If you caught yesterday’s post, you know that your small business needs a website. If you missed it, well, maybe go give it a read now. Because it’s the truth. Your website is how your business will be able to build a presence, a brand and authority online. It’s also how you ensure that you’re getting in front of your target audience instead of hiding from them in a sea of obscurity.
Or at least it is if you design your site correctly.
While there’s a lot that can be said about how to design a business website, I thought I’d focus on some best practices for one of the most important pages on your site – your business home page.
Below are six rules to keep in mind when designing the home page for the rest of your site.
1. Give the Who, What, When, Where, Why & How.
Someone’s just landed on your home page. Quickly tell them who you are, what you do, and where they can find you (your actual business location) in case this is the first time they’re hearing about you. Then tell them where they can go on your site to get more of this kind of information. Once you do this, move on. Your home page isn’t the place to get into your company’s life story or to establish your whole point of difference. You have other pages on your site that should be dedicated toward that, like your About page or your Services pages.
2. Focus on what you want people to do.
OK, so someone landed on your website. What do you want them to do next? Do you want them to read your blog? Do you want them to click on your Services area? Do you want them to enter their email address into a site contact form? Whatever your goal is, that is the direction your home page should point people toward. Often site owners try to make their home page their everything. They include links to every page on their site, showing off every product they offer, everything they sell and everything they’ve ever written. They give people a dozen different choices of activities they can perform.
Unfortunately, most people can’t process this many options.
Remove all links from your home page that don’t serve your purpose. When it comes to your home page, less is often more. You really want to cater to who you are and your core competencies. If someone likes the T-shirts on your site, they’ll dig around on their own. You don’t have to bombard them with links to every other page on your website.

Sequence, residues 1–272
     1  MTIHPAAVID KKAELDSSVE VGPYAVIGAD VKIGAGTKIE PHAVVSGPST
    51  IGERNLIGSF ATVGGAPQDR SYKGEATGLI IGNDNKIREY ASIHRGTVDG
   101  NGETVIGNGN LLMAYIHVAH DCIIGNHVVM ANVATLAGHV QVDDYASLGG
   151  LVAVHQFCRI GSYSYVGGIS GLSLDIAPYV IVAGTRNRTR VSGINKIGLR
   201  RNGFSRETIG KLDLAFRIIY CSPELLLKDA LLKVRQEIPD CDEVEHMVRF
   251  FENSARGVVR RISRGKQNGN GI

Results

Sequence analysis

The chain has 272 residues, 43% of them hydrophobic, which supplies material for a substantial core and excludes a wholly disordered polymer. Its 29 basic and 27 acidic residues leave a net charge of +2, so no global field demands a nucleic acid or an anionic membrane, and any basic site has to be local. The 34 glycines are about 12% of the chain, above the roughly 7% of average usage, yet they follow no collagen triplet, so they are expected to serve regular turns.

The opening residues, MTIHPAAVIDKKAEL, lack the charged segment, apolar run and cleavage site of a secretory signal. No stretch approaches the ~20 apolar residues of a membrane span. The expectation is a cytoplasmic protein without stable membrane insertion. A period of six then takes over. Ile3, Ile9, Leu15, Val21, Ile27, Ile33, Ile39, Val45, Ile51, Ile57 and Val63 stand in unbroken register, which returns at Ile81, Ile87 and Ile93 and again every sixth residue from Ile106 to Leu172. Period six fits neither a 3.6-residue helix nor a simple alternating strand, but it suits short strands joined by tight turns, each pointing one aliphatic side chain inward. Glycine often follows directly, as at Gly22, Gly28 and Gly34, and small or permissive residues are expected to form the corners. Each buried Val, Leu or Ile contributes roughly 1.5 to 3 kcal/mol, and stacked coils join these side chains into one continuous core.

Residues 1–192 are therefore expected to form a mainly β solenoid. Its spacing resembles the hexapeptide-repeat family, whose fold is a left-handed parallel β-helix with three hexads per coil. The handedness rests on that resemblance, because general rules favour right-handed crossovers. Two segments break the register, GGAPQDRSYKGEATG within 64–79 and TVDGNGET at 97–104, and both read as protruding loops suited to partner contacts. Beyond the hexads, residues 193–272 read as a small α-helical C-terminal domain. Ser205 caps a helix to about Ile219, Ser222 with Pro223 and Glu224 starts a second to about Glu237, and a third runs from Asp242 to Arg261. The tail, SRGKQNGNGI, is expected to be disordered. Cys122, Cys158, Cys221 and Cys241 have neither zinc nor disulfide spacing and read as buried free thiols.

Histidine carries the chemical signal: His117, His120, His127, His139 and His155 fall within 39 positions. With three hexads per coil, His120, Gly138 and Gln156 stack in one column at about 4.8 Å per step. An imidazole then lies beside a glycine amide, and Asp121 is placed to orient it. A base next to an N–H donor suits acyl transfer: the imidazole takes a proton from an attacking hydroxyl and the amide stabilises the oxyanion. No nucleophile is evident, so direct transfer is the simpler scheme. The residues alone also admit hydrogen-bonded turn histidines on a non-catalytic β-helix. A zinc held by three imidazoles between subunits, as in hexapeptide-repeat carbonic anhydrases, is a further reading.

3. Create the path you want people to follow.
OK, so you’ve decided what you want people to do when they land on your home page. Now carve out a path to help them navigate through the rest of your site. Build that conversion funnel that leads people toward the actions you want them to take. Without that path it’s too easy for a customer to get lost, become confused or hit the back button. By creating a path you help keep them exactly where they belong – navigating through your site. A path is created by focusing on the things you want someone to do and removing the options for them to do what you don’t want them to do (like click to the home page from inside a shopping cart).
4. Give them a way to get in touch with you.
If someone landed on your home page instead of one of your interior pages, it may mean that they conducted a broader search. They weren’t looking for what you sell; they were looking for your brand name. If that’s the case, then help them learn more about you by providing quick links of places they can go to get to know more about you. Maybe it’s your Twitter account, your Facebook page, your company LinkedIn profile, your blog, etc. These all serve as important trust cues and they help customers get to know the voices and faces behind the company, which is often exactly what they’re after.
5. Avoid clutter.
Yes, you want to make your homepage more dynamic by introducing customers to the other arenas they can go to learn more about you, but you don’t want to clutter your homepage up with so many buttons and links that customers start getting NASCAR flashbacks. Pick what’s important, decide which accounts you want to highlight and focus on those. You can include all the other social media profiles, accounts and author profiles on a more in-depth About page.
6. Don’t steal your competitor’s text.
You have a blank home page in front of you waiting to be written. Where do you go for inspiration or some “help” getting started? Well, if you’re like most business owners – you go straight to your competitor’s Web site.
Stop. Go back. This is a bad idea.
Using your competitor’s text as a “guide” or straight-out copying lines from their home page isn’t going to help you convey your site’s brand message. It’s not going to get across what’s different about how you do business, why you’re the better choice or what you have to offer. While it may be tempting to use a competitor’s home page for inspiration, try not to. Take some time to really think about your business and your customers. What information are they looking for and what needs do they have? How can you best market yourself to them?
Those are some things to keep in mind when designing or redesigning your site’s home page. Do you have any examples of home pages that really get the job done or ones you think could benefit from a re-do?